The holiday season is officially underway, so it’s time to start thinking about gifts for those foodies on your list. I offer you three suggestions: a cookbook, a place to order award-winning smoked tenderloin and cooking classes for kicking off a healthy new year.

The cookbook is “Perini Ranch Steakhouse: Stories and Recipes for Real Texas Food,” by Lisa and Tom Perini, owners of the steakhouse in Buffalo Gap, Texas. Cheryl Alters Jamison, four-time winner of the James Beard Award for her own cookbooks, tested recipes and contributed to writing and editing their book. The result is a cookbook that lets you enjoy a ranch-style homemade meal in your own home.

Despite the steakhouse-sounding theme, beef recipes are the smallest section of the cookbook.

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“Of the 176 recipes in the book, only 11 are for beef steak,” Jamison said at a recent book signing at the Santa Fe School of Cooking. “Tom does not do much to steaks other than salt and pepper. So this is a book mostly about side dishes, salads and other great Texas food.”

Perini opened Perini Ranch Steakhouse in a converted barn in Buffalo Gap in 1983. The town’s population was small then and still is, with 463 residents counted in 2019.

“I offered simple ranch food,” he writes in his cookbook. “Mesquite grilled or smoked beef, burger, ribs and quail. I also incorporated classic cowboy cooking with some Dutch oven-baked biscuits and beans. I served unique side dishes, no French fries or baked potatoes.”

Word spread about this little eatery in the middle-of-nowhere Texas — it’s about a three-hour drive west of Dallas-Fort Worth and a dozen miles south of Abilene. After Perini’s mesquite-smoked peppered beef was selected by The New York Times in 1995 as the year’s “best mail-order holiday gift,” his business took off. He cooked for the James Beard House and for George W. Bush, when he was Texas governor and then president.

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Which brings us to our second gift idea. At the book signing, Jamison offered samples of Perini’s Mesquite Smoked Peppered Beef Tenderloin, cooked to a perfect medium-rare and absolutely delicious. You can buy these tenderloins in around 2½-pound packages, which ship overnight, along with his cookbook, at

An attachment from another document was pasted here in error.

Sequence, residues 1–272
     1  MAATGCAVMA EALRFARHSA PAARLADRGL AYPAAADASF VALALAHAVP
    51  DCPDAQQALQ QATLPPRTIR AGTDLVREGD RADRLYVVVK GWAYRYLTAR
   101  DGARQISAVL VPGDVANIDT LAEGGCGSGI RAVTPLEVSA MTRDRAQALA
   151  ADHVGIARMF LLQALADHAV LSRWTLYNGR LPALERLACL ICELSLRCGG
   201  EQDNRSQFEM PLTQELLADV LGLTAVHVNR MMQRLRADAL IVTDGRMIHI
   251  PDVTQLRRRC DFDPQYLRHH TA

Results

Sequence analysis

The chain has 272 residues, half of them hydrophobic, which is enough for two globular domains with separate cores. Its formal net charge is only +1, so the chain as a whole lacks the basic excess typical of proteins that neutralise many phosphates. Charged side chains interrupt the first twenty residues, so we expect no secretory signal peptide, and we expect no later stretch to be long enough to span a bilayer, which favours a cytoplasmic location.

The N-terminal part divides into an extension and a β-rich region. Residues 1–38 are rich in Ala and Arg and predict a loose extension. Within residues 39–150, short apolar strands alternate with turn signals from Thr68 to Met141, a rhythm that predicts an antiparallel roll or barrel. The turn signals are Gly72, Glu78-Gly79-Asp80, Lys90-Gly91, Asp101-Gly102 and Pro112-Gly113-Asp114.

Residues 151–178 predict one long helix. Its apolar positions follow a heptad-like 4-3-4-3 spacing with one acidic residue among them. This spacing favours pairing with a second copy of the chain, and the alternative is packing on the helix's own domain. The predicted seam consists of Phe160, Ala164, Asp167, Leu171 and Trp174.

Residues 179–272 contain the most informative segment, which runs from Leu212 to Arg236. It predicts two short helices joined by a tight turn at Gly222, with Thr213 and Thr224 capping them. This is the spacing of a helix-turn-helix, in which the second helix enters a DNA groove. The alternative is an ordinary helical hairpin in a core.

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Finally, for a completely sensual and flavor-packed cooking experience, sign up for one of the many Asian classes taught by Anne Doan at The French Kitchen Culinary Center. Vietnamese-born Doan teaches Thai, Chinese and, of course, Vietnamese cooking, as well as classes on making bento, Asian noodles, banh mi and — my favorite — Vietnamese crepes.

These crepes — a popular street snack in Vietnam — are a totally new experience, nothing like French crepes. Rice flour and the absence of eggs create a crepe with two contrasting textures. One side of the crepe (the pan side) is super crunchy, while the other side is pillowy soft.

Wrapped inside the crepes are fresh mint, cilantro, Thai basil, a prawn and pork filling, and sweet-sour-spicy-hot nuoc cham (fish sauce). With its aromas, flavors and textures, you get treated to an amazing taste sensation that you’re not going to forget anytime soon. And they’re healthy!

Visit for a complete list of Doan’s classes and more.

Contact the writer: 636-0271

contact the writer: 636-0271.

Food editor

Food writer for features life section and columnist for Go! Entertainment - Table Talk column

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